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Pick the Perfect Pair of Shoes for Your Workout

Usually when people pick out a pair of shoes, they go for two things: the right size and a look that they like. While this may work for a sexy pair of heels or some casual sneaks to wear with jeans, when it comes to fitness shoes, they aren’t a fashion statement: they are a piece of fitness equipment.

Just like when you invest in equipment for your home gym, everyone’s needs are different. Someone who works out in a gym is going to need different shoes than someone who prefers to run trails in the sunshine, or someone who prefers a game of pick up basketball is going to have different needs than someone who taking a Zumba class.

There are a lot of different kinds of shoes you can choose to workout in, but choosing the right type can mean the difference between a comfortable, effective workout, or pain and overuse injuries.


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How Often You Should Replace Your Exercise Shoes

This guest post comes from Paige Corley, a Program Director at the Biggest Loser Resort at Fitness Ridge.

The question of replacing your exercise shoes is a toughie and varies depending on which activity you are doing, how often and at what intensity. Honestly, I don’t have an exact answer for you, but here are some things to consider when deciding if your shoes are in need of replacing:

  • Active Individuals: (running/walking 3-4 times a week; lower mileage) your running/walking/cross-training shoes should be replaced at least a couple of times per year.
  • Running Enthusiasts: If you are an avid runner or walker (exercise more than 4 times a week) you might need to replace them every 3-4 months.
  • Endurance Runners: If you are training for a triathlon, half- or full-marathon you will probably need to replace them every 2-3 months.
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The Pros and Cons of Barefoot Running Shoes

January is the prime time for fitness fads as people resolve to get in better shape and lose weight for the year ahead.  The latest fad for runners?  Barefoot running, a fitness style that lets your body adapt to your natural gait instead of conforming to your running shoes.

Barefoot running shoes have been gaining popularity in recent months, as they are designed to re-create a the natural sensation of running “barefoot” on man-made surfaces like concrete and asphalt.

The Pros:

Robert A. Kornfeld, Founder of the Institute for Integrative Podiatric Medicine, wrote for the Huffington Post that barefoot running shoe manufacturers believe that “the human foot, unimpeded by synthetic surfaces and restrictive running shoes, should function at its best.”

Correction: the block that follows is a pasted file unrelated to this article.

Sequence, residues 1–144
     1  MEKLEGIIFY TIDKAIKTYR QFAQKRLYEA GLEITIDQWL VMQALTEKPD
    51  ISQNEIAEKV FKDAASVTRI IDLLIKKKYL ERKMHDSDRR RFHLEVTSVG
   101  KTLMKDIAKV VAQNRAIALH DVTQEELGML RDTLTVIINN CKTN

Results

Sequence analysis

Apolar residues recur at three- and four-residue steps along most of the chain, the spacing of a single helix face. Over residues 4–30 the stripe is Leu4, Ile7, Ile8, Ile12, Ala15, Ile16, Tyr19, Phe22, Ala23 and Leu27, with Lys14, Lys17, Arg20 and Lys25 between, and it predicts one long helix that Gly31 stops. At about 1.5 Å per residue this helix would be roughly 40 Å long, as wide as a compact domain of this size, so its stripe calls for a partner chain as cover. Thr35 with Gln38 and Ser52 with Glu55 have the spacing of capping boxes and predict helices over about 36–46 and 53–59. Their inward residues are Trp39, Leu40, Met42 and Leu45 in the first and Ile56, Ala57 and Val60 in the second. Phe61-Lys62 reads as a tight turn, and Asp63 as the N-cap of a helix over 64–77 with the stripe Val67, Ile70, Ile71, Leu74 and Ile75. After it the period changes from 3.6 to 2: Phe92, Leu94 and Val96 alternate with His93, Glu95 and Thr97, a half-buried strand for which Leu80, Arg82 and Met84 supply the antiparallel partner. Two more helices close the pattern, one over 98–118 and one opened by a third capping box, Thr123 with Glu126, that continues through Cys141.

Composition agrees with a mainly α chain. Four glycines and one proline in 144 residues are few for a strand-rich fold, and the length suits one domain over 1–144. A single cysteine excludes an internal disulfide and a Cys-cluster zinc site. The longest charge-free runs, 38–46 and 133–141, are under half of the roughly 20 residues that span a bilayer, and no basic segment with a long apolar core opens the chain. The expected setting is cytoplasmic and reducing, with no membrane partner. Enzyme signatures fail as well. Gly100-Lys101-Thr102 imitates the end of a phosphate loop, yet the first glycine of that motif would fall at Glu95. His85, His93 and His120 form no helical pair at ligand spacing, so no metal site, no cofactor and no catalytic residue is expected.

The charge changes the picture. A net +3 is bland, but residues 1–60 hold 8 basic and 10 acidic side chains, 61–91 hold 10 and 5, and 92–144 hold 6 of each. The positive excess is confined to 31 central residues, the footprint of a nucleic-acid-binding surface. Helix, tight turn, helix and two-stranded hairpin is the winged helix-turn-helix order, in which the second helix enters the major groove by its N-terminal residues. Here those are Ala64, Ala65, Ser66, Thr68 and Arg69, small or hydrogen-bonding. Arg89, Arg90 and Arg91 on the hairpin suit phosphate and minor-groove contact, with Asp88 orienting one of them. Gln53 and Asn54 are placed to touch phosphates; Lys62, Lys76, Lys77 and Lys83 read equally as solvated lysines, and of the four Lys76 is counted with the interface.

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Ahnu Shasta: Quest for the Perfect Running Shoe

Quest for the perfect running shoeAhnu is a company that’s committed to more than making great products, they’re also dedicated to positioning themselves to serving a greater good. Not only does the company support organizations like The Conservation Alliance and the Breast Cancer Fund, they also adhere to rigorous ethical manufacturing standards. These shoes are sweat-shop free, but how will I feel sweating it out on the street?

The Shasta by Ahnu is designed for cross-terrain running, meaning both road running and trail running, which sounds perfect for braving the wilds of the Willimasburg waterfront. The box tells me that the shoe’s “Neutral Positioning System” promises to keep the the foot “balanced in the center of the shoe to encourage biomechanics efficiency on varied terrain.”

For this review, I can’t follow my typical three-run template, because the Ahnu Shastas took a little longer to break in than the other shoes I reviewed.  However, the pay-off was well worth the extra work. The Shastas have fairly stiff soles, which translated into serious arch support. The upper part of the shoe breathes nicely, keeping my feet from feeling sweaty.


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Running Shoes: Less is More

If you’re shopping for new running shoes, more expensive doesn’t always equal more value. That’s good news for you and your checkbook, but don’t think you can go get a knockoff brand for $25 either. A team of Scottish scientists found no difference between $150 shoes and the relatively cheaper $80 versions. Not cheap, but comforting news nonetheless.

Lead researcher Rami Abboud, director of the Institute of Motion Analysis and Research at the University of Dundee, has some simple advice for you: Make sure the shoes fit!

“My advice to runners is to make sure that, first, the footwear fits your feet, and that if you are paying more, that doesn’t mean that you’re getting something better,” says Abboud.